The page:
Minister of Industry, International Business, Commerce and Small Business Development, Donville Inniss, gives advice to participants at the one-day Business Continuity and Disaster Management Workshop., hosted by the Barbados Employers’ Confederation. (C.Pitt/BGIS)

Recovery costs after a natural disaster strikes can run into billions of dollars and a government minister is advising all businesses to have an up-to-date business continuity plan to recommence economic activity as soon as possible.

Minister of Industry, International Business, Commerce and Small Business Development, Donville Inniss, expressed this view today, while addressing the Barbados Employers’ Confederation one-day Business Continuity and Disaster Management Workshop at Hilton Barbados.

The Minister pointed out that with the scenes of devastation etched on the forefront of our minds, countries must determine ways to protect life; develop a culture of proactivity; strengthen preventative measures; and design effective plans to mitigate the impact of disasters on the import and export sectors.

“I believe that if these are achieved, we would be better guided towards assuring the continuity of business and business operations following disaster-induced interruptions,”  he added.

In light of this, the Minister offered those present tips for achieving an appropriate plan for their respective businesses.  He advised business owners to ensure that they craft a disaster recovery plan and update it every five years.

He also advised business owners to be proactive, by determining whether or not the business is in the right location in the event of a disaster or if its location would make it susceptible to flooding or other hazards.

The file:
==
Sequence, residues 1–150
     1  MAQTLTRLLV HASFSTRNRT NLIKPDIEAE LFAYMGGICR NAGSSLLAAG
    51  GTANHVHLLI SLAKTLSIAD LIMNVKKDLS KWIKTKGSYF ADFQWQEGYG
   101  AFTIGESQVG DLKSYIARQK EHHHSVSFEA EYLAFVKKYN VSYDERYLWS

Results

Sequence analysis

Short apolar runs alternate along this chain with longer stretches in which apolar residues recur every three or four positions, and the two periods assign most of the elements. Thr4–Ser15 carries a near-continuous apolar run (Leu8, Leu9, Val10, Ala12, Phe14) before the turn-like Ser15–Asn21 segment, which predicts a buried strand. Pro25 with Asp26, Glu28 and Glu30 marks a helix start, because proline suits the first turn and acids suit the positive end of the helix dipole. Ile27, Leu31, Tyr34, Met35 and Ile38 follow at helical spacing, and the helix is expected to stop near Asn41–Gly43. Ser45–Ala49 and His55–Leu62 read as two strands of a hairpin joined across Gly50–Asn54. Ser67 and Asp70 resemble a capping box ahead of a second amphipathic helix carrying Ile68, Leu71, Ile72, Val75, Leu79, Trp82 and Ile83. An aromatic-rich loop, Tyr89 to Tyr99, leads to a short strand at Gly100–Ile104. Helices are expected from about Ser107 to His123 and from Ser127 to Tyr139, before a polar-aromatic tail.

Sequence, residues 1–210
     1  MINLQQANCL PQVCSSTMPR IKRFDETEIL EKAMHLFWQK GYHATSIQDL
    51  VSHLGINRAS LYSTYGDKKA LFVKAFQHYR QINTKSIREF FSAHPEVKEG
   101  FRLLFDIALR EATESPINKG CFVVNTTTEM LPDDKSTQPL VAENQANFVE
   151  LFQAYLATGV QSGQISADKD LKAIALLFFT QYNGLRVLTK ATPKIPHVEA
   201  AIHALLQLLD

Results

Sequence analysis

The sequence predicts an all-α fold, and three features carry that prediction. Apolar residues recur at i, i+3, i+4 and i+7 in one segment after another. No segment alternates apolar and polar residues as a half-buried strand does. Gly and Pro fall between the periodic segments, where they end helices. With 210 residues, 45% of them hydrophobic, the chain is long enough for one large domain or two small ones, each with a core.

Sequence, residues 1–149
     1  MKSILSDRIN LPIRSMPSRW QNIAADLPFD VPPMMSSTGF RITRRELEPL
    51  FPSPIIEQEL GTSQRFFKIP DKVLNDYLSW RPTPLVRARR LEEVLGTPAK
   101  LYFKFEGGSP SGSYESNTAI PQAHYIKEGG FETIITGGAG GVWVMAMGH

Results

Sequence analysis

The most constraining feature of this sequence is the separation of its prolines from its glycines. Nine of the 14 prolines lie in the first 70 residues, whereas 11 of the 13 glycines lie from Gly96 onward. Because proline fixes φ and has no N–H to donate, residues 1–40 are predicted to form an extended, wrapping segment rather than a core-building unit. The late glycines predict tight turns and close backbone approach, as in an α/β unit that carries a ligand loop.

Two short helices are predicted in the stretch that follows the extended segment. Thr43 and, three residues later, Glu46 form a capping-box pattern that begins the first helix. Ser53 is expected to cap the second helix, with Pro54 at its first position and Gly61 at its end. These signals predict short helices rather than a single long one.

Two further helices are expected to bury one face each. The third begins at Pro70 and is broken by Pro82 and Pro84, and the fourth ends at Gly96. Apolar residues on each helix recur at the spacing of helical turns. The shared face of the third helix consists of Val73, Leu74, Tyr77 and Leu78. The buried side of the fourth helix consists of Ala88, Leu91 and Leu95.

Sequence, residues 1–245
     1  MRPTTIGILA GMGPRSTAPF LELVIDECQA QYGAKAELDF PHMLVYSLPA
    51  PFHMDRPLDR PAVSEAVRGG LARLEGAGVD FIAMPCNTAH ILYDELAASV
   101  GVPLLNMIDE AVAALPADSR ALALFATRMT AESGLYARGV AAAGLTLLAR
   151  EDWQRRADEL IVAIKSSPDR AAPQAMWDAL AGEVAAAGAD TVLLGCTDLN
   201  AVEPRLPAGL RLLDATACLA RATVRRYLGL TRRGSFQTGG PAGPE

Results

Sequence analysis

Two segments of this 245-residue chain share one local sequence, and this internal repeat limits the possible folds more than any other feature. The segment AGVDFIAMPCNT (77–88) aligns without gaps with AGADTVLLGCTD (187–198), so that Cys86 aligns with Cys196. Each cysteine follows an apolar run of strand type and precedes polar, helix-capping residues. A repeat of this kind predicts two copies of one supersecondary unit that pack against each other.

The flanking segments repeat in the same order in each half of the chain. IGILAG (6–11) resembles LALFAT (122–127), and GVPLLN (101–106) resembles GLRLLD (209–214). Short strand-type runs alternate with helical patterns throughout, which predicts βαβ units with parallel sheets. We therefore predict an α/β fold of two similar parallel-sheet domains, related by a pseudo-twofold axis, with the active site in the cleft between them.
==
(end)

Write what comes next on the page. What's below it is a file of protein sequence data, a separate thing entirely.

Mr. Inniss also mentioned the importance of determining the priority areas for recovery after the disaster, pointing out that “in the event of a disaster, you will not be able to get your entire enterprise up and going…so you really have to determine what are the priority areas”.

He continued: “I have seen too many enterprises, after a hurricane has passed or a tropical depression, believing that they can reopen for business in a few hours doing everything; that is not reality.  Deeply imbedded in that, you must appreciate as entrepreneurs and business leaders, that your employees are also human beings, they are not machines.  Please appreciate that in the event of a disaster, that your staff also have their own disaster recovery plans to execute and they have to ensure that their immediate families and surroundings are safe before they come to your enterprise to work.”

Mr. Inniss also advised businesses to have an insurance plan, as well as a plan for each major department or unit within their company.

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